Health Insurance in the USA (Part 1)

This blog post is probably the first of several related to health insurance in the United States. The US Census Bureau has an amazing array of data related to health and health insurance, and I’m just trying to see what is available, what are the trends, and what are the characteristics of the insured and the not-insured.

The most recent and key report summarizing health insurance coverage is the US Census Bureau Report P60-257: “Health Insurance Coverage in the United States: 2015” (published September 2016) available on this Census Bureau web page. It’s a must read for anyone interested in health insurance, the health care debate, and the Affordable Care Act.

Here is a graphic from this report which shows the uninsured rate by detailed age, and how it’s changed between 2013 and 2015:


The highest uninsured rates are for 27 year old persons. The lowest uninsured? Persons age 75+. (There’s a lot more to learn. Please download and read the report!!)

As should be expected, there are multiple sources of information related to health insurance statistics. The Census Bureau has a one page PDF comparing four major datasets:

  1. Current Population Survey, Annual Social and Economic Supplement (CPS ASEC);
  2. American Community Survey (ACS);
  3. Survey of Income Program Participation (SIPP); and
  4. National Health Interview Survey (National Center for Health Statistics (NHIS).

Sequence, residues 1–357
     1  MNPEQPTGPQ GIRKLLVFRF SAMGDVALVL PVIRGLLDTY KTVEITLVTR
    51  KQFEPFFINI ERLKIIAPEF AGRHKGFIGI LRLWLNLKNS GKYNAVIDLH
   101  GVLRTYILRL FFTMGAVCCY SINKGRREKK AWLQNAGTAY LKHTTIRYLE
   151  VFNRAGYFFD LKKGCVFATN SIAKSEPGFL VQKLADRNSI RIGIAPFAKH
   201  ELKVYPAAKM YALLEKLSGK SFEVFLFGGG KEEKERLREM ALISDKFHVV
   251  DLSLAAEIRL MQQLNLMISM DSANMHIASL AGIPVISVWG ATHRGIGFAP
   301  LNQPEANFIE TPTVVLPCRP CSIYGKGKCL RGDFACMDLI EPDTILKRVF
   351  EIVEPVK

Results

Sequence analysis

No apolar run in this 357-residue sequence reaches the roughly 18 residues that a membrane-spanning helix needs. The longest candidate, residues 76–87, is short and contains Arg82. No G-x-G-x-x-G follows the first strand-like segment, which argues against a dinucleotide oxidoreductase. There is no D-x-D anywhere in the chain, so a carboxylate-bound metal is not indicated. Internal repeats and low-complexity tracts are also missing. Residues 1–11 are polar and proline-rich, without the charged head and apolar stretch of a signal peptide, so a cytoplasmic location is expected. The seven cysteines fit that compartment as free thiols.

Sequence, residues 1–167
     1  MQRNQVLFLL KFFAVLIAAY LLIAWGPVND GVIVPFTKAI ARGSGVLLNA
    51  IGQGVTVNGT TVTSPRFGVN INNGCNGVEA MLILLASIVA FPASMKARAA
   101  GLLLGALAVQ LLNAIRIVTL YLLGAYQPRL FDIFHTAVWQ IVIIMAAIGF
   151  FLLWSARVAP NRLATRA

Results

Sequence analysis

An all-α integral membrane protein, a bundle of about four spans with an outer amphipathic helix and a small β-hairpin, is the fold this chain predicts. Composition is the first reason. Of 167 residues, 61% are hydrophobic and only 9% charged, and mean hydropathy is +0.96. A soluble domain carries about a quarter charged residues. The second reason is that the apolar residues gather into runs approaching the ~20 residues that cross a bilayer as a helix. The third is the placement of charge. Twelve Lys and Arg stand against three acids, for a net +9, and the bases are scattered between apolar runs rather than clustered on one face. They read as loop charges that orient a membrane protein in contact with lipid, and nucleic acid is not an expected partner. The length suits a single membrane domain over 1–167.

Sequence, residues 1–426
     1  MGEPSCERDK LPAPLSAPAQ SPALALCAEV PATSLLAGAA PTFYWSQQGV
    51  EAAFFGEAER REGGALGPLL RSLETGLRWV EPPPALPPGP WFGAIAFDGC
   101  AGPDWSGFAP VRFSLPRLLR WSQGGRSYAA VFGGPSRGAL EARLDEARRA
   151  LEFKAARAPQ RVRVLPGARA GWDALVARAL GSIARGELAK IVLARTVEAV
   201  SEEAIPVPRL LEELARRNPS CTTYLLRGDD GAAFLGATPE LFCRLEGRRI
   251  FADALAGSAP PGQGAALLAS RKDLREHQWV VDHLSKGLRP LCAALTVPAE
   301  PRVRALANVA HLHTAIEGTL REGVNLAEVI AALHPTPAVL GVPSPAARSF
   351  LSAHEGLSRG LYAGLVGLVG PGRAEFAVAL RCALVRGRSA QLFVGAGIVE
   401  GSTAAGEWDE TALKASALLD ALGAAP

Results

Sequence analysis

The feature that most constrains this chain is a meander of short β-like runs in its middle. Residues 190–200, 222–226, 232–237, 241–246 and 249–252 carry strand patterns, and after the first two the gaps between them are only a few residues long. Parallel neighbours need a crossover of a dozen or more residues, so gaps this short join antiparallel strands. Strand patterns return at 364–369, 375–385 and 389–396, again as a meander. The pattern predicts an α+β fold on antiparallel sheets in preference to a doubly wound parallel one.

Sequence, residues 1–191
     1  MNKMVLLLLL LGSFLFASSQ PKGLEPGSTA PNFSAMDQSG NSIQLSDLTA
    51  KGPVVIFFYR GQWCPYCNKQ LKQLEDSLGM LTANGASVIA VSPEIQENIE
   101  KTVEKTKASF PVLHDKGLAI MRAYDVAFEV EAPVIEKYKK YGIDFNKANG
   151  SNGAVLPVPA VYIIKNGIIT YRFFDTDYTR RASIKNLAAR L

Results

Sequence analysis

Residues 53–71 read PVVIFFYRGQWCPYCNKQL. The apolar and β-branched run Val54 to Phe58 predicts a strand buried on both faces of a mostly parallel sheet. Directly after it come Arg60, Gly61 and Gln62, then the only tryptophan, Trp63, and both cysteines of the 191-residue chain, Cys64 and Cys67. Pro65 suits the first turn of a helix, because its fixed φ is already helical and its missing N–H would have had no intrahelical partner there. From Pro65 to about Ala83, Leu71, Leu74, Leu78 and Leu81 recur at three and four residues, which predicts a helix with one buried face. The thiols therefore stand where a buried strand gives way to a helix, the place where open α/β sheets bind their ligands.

The CPS first collected data on health insurance in 1987 [need citation and confirmation]. The benefit/use of the CPS is in examining income, employment and health insurance in a long running study, albeit for large geographic areas (US, regions, states.)

The ACS is the one dataset that provides data down to the neighborhood (census tract) level. Health insurance was first collected in the American Community Survey (ACS) in 2008. And the health insurance questions have not changed from 2008 to the present. That’s great, since we now have measures at the national, state, county, city, congressional district, and even the neighborhood level, between 2008 and 2015. This allows for before and after comparisons relative to the Affordable Care Act (signed March 23, 2010).

I’m not familiar with the SIPP or NHIS, but I’ll look into them in future blog posts.

Yet another US Census Bureau handout describes the various health statistics available. This is from the 2014 Health Datapalooza. ( (I’ve never heard of the word “datapalooza” before looking at health insurance data!!)

That’s about all for now. To be continued!


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